• Detention is appropriately authorised as soon as reasonably practicable after arrest by a review officer who is satisfied that continued detention is necessary.
  • The detainee is made fully aware of the grounds for continued detention.
  • Circumstances of detention are established, recorded and, where relevant (under Code C), the grounds are recorded and explained.
  • Information on vulnerability and associated risk factors is communicated between relevant custody officers and staff, including investigation teams, to inform decisions on the prioritisation and progression of cases. 
  • Cases are progressed to allow detainees to be released or transferred at the earliest opportunity.

3.7 Detainees understand and receive their rights while in police custody.

Indicators (what we expect to see)

  • All detainees receive and are helped to understand their rights and entitlements. Any delay in being able to exercise this entitlement is authorised according to law.
  • Detainees are told that they are entitled to have someone concerned for their welfare informed of their whereabouts and that someone can be contacted as soon as possible.
  • All detainees are advised that they are entitled to have legal representation of their choice or to have independent legal representation provided and that they are able to speak with their legal representatives in private, free of charge and as soon as possible. If detainees decline the right to speak to a legal representative, the reasons for this are recorded.
  • Detainees are not interviewed while under the influence of alcohol or drugs, or if medically unfit, unless exceptional circumstances prevail; in which case a record is made of those circumstances.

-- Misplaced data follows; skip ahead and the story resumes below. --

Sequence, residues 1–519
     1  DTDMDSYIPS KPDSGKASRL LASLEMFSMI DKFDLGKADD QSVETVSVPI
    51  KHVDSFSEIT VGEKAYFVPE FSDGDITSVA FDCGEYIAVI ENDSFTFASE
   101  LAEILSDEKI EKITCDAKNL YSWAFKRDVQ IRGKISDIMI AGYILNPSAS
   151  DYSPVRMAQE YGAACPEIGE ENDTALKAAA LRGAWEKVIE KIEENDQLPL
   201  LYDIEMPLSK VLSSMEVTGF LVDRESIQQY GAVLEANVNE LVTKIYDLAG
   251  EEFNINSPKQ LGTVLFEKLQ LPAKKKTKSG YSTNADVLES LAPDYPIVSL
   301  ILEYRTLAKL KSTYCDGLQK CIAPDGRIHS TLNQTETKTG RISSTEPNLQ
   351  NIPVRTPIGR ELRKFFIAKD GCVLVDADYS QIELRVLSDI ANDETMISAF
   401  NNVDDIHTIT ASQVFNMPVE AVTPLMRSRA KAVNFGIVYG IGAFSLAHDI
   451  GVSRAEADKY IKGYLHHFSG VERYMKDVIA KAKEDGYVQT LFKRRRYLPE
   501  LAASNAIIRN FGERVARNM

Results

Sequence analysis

• Detainees are informed of the reasons for their arrest (if applicable under Code C) and continued detention during the review of the necessity to detain. This is clearly recorded in the detainee’s presence.
  • Detainees, their legal representatives and/or appropriate adult are able to inspect the detainee’s custody record at any time while the person is detained.
  • Detainees, their legal representative and/or appropriate adult are able to obtain a copy of their custody record in accordance with the relevant Codes.
  • Staff explain to detainees, in a language they can understand, documents that have important consequences or that concern their rights.
  • Detainees are informed of the Force retention and disposal policy for biometric data, including fingerprints, photographs and DNA, and that these may be subject to relevant checks.
  • PACE Code C and Code H reviews are conducted on time and focus on safeguarding the interests of the detainee and progression of the case. Where held under a warrant (authorised by a court), a welfare review is conducted.
  • Reviews are carried out in person.

3.8 Detainees have access to swift justice. Where the investigation is being conducted under Code C, there are appropriate mechanisms for ensuring regular review of pre-charge bail.

Indicators (what we expect to see)

  • Forces finalise investigations during the first period of detention wherever possible. Bail is only used where it is necessary and proportionate. Where bail is used, forces have an investigation plan and management regime in place to monitor the progress of the investigation and the person on bail. This is documented.
  • In addition:
    • bail up to 28 days is inspector-approved